Ok, yeah, he's cute. I admit it; I was charmed by his dopey good looks in That '70s Show.
But after watching the 31-year old Ashton Kutcher on Twitter and the sway he has, I now believe that man is a marketing genius.
Yet another very successful college drop-out, Ashton Kutcher has managed to leverage his own cult of personality into a social media sensation. Right now, Ashton (@aplusk) and CNN (@cnnbrk) are in a race to reach one million Twitter followers.
Followers are basically Twitter subscribers who are tracking Kutcher's own Twitter entries. In the first place, both Ashton and his wife Demi Moore are both on Twitter. Ashton, going by user id @aplusk, and Demi, going by user id @mrskutcher, have made their own little reality show on Twitter.
Every day, Twitter followers watch them interact with each other, their family, friends and, if you are lucky, a Twitter follower. Ashton and Demi are, as @glambert once said, their own paparazzi. But it gets better: Every Twitter profile has the opportunity to link to your web site of choice.
Most people choose to link to their blog or company. Actors will often link to their filmography.
But Ashton, who I believe is at heart an entrepreneur, links to BlahGirls.com. What's Blah Girls? A portal to "an interactive, animated web video series and celebrity gossip blog." Blah Girls is owned by Blah KL-DG, LLC, which is co-owned by Katalyst Media and David & Goliath, Inc. Katalyst, founded by Kutcher and his production partner Jason Goldberg, create original content for digital media, tv and films.
The company has produced the FaceBook Video series "(Kat)al+yst HQ", tv shows "Punk'd", "Beauty and The Geek", "True Beauty" (a co-production with Tyra Banks), as well as the movies "The Butterfly Effect" and "Guess Who." David & Goliath, Inc. founded by artist-entrepreneur Todd Goldman, is a $90+ million teen apparel line.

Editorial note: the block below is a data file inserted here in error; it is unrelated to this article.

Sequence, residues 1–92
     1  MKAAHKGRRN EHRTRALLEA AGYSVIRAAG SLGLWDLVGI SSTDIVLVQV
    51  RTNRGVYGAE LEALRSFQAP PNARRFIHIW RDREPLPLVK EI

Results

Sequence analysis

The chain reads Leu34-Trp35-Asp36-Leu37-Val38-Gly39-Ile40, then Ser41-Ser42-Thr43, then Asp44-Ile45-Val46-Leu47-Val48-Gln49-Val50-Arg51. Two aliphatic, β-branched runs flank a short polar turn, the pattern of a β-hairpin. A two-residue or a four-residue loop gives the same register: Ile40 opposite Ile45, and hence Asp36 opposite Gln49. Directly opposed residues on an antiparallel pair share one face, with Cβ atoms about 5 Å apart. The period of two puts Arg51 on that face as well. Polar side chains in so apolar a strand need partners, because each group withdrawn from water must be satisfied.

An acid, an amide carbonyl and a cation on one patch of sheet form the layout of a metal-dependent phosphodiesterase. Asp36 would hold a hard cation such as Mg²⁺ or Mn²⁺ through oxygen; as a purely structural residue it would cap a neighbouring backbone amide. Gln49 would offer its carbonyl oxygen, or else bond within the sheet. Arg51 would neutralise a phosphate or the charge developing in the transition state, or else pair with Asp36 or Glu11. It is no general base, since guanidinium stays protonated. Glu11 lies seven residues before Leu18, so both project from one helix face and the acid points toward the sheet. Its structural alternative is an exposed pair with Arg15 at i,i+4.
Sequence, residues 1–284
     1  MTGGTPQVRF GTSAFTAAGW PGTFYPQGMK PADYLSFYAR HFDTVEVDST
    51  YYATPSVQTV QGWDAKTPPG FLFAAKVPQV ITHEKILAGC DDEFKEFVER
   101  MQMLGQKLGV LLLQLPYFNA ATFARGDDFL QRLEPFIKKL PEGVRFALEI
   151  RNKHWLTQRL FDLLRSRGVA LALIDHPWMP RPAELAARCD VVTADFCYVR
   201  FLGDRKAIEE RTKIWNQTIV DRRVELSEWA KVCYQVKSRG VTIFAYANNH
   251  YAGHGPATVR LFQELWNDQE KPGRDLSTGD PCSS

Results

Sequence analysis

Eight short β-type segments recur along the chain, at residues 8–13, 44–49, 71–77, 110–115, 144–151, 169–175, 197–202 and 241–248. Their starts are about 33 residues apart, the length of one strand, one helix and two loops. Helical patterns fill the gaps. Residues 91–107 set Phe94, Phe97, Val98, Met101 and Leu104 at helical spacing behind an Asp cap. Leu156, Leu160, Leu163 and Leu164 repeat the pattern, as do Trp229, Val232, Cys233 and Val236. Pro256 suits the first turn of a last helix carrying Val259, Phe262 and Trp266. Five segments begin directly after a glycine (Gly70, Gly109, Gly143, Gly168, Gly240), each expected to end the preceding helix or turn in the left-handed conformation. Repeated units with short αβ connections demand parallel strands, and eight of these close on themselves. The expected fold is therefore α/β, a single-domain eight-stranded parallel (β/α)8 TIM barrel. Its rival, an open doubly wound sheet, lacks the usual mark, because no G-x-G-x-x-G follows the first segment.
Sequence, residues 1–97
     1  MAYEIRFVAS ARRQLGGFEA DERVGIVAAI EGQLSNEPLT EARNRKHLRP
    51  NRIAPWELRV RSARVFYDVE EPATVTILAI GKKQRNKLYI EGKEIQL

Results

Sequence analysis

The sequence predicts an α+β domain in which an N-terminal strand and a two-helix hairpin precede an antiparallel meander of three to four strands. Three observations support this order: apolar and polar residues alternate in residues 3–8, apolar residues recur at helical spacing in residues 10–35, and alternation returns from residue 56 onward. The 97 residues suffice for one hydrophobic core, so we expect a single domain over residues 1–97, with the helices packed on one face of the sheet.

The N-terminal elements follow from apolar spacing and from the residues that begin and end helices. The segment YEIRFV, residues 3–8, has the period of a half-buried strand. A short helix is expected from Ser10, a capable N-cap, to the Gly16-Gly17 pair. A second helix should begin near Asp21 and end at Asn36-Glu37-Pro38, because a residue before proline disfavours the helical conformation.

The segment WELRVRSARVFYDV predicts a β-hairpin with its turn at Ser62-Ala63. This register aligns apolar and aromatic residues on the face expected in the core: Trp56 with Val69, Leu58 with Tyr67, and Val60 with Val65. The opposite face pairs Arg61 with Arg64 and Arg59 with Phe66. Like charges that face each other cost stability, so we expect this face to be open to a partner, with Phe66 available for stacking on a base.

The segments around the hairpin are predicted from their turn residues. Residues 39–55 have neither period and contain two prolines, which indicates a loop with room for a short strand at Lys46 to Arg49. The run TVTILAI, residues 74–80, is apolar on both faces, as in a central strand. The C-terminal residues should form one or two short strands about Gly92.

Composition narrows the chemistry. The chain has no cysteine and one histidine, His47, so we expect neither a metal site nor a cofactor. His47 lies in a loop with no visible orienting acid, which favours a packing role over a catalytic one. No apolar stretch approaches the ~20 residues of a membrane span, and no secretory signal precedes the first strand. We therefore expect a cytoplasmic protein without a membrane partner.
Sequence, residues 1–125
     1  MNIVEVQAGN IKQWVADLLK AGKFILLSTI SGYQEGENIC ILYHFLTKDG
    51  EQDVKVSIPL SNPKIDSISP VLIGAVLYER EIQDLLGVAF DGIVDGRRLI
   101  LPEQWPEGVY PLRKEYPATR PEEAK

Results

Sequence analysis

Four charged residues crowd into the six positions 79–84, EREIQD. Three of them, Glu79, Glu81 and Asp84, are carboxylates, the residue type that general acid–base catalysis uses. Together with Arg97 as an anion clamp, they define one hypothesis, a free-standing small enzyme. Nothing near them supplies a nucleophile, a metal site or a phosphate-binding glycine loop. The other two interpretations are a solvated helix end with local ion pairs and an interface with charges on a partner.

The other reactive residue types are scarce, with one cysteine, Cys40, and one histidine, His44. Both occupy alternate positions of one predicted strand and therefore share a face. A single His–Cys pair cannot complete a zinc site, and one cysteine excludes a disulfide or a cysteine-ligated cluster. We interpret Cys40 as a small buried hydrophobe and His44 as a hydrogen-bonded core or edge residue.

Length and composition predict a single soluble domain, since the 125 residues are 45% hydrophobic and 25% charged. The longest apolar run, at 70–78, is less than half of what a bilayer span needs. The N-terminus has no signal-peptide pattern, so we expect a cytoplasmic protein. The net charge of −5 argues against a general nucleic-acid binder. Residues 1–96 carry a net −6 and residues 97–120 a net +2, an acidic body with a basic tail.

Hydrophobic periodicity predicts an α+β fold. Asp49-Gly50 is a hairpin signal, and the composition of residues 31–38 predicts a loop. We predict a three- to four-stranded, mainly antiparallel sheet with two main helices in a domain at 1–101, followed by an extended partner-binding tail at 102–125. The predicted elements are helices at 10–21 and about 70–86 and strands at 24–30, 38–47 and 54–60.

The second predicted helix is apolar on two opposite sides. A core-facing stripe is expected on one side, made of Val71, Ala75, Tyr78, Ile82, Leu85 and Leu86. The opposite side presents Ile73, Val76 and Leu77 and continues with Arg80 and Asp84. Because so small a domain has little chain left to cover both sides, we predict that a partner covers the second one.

Kutcher spotted his Twitter opportunity when he noticed that: 1) he was fast approaching on one million followers, and 2) he and CNN were neck and neck. In the fashion of his personna of slacker/football player, Kutcher looked us straight in the eye and promised that if he beat CNN to the race, he would "ding dong ditch" Ted Turner.
Last night I watched as Ashton gained 1,000 followers in 15 minutes, then 10,000 in an hour. So what does one million Twitter followers mean to Ashton and CNN? Two million sets of eyes. Both "entities"--because Ashton is but a brand--are in the media business.
Both Ashton and CNN want you to watch them. Because, as all of Hollywood knows, eyeballs equal dollars. So what can we as legal marketers learn from Krutcher's social media wizardry?
First, social media is about interaction: Twitter is much more interesting when watching two people interact online than a lone person shouting out into the vast TwitterSea.
Second, personality matters.
Third, we, as individuals, make the web interesting. And, as Ashton suggests, in the arena of social marketing, "we actually become the source of the news, and the broadcasters of the news and the consumers of the news."
What Ashton demonstrates with his Twitter War with CNN is that "Social media and social news outlets can become as powerful as the major news outlets." We have the power.
NOTE: (from @glambert): At 10:42 I checked the stats, and was temporarily amazed that Kutcher had not only passed the 1 million mark, but was actually approaching the 2 million mark.
But, then I realized this was another one of the Twitter glitches.